The Kill Team Core Manual has everything you need to build a Kill Team, no matter the faction. Come join the BoLS crew as we take a tour (book) through the Core Manual.
That’s right friends. Today we’re leafing through the Core Manual to show off what you can find within. Now we don’t quite go as in-depth into the rules as we do in our gameplay overview (which if you want to see how the game plays, check that one out), but we do cover the big changes to the rules. While subtle, there are key differences between Kill Team and 40K.
The other thing the Core Manual introduces are all of the faction datasheets you need. Though if you have the Codex for your respective Kill Team and access to the Kill Team repository you can get a good jumping off point. For the most part, the stat blocks are the same as they are in 40K. Although there are a few minor tweaks–Necron Reanimation protocols don’t happen at the start of your turn, and only trigger on an unmodified injury roll of 6, for instance. So Necrons are a little easier to keep down once you get past that phase where they get back up to inexplicably kill you.
The other big place where the game is changed is in its specialists. It’s interesting, because 40K is a game that’s built on synergies–at least in 8th Edition. Whatever your feelings on them are, the fact is that most armies rely on some kind of buffs, be the stratagem-granted, from a character, or psychic power. And without as widespread access to things like Space Marine Captains or Genestealer Broodlords, the game provides an interesting way to give your models the support they need.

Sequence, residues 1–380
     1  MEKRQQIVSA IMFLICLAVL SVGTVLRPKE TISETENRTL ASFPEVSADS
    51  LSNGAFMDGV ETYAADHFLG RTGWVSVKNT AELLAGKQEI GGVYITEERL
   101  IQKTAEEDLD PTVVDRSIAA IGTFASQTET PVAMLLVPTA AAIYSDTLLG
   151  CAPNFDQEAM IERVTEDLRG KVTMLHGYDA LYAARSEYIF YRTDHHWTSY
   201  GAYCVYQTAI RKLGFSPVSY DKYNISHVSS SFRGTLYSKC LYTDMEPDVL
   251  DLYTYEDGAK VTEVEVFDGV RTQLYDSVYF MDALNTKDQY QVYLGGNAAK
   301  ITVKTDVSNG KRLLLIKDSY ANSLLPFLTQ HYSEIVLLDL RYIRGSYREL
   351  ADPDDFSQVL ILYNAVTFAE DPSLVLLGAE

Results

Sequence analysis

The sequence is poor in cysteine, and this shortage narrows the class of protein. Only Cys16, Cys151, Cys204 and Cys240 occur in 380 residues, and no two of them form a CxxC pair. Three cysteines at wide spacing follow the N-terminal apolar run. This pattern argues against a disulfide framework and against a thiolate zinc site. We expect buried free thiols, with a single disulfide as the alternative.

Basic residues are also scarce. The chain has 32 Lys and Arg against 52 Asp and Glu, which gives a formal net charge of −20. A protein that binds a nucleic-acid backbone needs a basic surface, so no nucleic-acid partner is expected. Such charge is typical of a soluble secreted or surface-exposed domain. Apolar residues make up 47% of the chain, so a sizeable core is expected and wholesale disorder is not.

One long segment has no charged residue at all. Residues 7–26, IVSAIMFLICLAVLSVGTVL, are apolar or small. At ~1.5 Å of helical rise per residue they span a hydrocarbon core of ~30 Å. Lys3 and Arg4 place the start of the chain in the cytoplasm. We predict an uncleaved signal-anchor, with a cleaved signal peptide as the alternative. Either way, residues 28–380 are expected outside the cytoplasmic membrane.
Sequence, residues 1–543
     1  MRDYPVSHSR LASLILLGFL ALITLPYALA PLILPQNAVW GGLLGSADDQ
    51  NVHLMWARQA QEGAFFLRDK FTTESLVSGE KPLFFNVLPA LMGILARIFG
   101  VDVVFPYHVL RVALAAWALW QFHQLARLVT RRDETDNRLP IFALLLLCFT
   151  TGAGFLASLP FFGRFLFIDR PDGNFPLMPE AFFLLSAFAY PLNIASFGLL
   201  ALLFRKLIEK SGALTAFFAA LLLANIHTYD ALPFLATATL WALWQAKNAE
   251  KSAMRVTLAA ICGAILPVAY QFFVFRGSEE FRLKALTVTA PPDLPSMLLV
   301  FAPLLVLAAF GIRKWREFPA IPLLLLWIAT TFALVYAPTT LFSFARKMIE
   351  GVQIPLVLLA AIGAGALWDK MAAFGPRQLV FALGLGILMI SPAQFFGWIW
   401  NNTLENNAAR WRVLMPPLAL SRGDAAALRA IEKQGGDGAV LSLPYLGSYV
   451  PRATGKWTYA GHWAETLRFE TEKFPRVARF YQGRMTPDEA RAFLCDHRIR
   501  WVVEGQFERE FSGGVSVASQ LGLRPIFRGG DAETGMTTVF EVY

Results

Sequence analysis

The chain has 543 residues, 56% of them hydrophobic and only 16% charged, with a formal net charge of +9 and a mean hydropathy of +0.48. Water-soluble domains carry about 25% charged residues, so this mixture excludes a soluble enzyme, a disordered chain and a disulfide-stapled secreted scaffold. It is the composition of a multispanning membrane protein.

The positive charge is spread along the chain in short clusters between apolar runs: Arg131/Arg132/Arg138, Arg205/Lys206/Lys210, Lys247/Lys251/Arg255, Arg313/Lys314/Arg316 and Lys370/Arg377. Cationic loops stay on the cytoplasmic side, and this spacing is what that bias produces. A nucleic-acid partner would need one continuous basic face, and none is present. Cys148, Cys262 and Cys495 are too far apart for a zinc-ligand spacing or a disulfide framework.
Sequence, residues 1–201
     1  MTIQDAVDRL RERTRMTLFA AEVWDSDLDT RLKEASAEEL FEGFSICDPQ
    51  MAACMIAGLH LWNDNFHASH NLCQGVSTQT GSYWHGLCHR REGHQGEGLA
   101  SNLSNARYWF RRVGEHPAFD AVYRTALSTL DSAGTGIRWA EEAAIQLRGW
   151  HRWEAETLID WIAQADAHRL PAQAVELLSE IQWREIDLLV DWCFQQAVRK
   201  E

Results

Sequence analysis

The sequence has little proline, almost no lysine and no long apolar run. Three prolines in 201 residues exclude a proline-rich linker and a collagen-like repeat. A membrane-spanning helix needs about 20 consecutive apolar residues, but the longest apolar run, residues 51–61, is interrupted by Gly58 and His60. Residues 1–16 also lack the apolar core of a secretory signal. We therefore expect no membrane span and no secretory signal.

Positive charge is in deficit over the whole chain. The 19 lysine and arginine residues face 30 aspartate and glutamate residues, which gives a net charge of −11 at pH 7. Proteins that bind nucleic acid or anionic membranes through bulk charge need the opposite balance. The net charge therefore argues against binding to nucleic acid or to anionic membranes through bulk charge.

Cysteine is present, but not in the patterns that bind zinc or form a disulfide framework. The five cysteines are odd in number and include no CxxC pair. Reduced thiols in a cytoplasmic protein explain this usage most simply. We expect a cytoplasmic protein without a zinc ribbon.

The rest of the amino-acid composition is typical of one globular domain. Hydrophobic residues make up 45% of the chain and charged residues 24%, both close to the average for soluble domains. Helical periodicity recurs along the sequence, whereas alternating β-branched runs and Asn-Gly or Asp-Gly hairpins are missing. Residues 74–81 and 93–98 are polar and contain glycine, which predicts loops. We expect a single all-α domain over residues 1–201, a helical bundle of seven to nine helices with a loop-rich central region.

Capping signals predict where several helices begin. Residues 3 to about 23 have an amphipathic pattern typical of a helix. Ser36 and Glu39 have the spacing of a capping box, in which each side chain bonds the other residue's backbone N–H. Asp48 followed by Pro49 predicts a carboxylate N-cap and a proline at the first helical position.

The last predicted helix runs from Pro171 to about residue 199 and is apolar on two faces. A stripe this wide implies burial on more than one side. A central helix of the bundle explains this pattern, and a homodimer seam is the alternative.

This comes in the form of specialists. At their core, these are extra abilities that you can graft on to up to 4 different models, 1 Leader and 3 other miscellaneous specialists: Combat, Comms, Demolitions, Heavy, Medic, Scout, Sniper, Veteran, and Zealot. Each of these lets you customize your character towards a different role on the battlefield. Comms and Medics might be great battlefield supports, while Veterans and Heavies can function as durable one-man armies.
And as we’re seeing there are a few combos in there–things like the Level 1 Comms officer granting a model +1 to hit, with a Sniper having access to a Tactic that gives an additional +1, meaning you can make sure your Sniper lands those crucial shots. And what;s more that’s a tactic a baseline Kill Team can pull out for free:
Of course in Matched Play you can’t go higher in level, but it’s great stuff. The other big chunk of the rules (which is a small chunk, spanning only a few pages) is the Campaign Play outline. It gives you what you need to get a good narrative campaign going, and with each of the Kill Teams having missions accompanying them, you’ve got a lot of options to choose from when figuring out your mission. If you’ve seen the Shadow War: Armageddon campaign rules, a lot of the spirit’s there. You fight to earn resources, which are sort of your Kill Team’s overall health. You can earn individual distinctions and advances for the whole Kill Team to add a little bit of Narrative continuity–all in all it’s a great way to Skirmish for fun and profit.
That’s the Core Manual, everything you need to build your army, except models. So get out there and sweep and clear.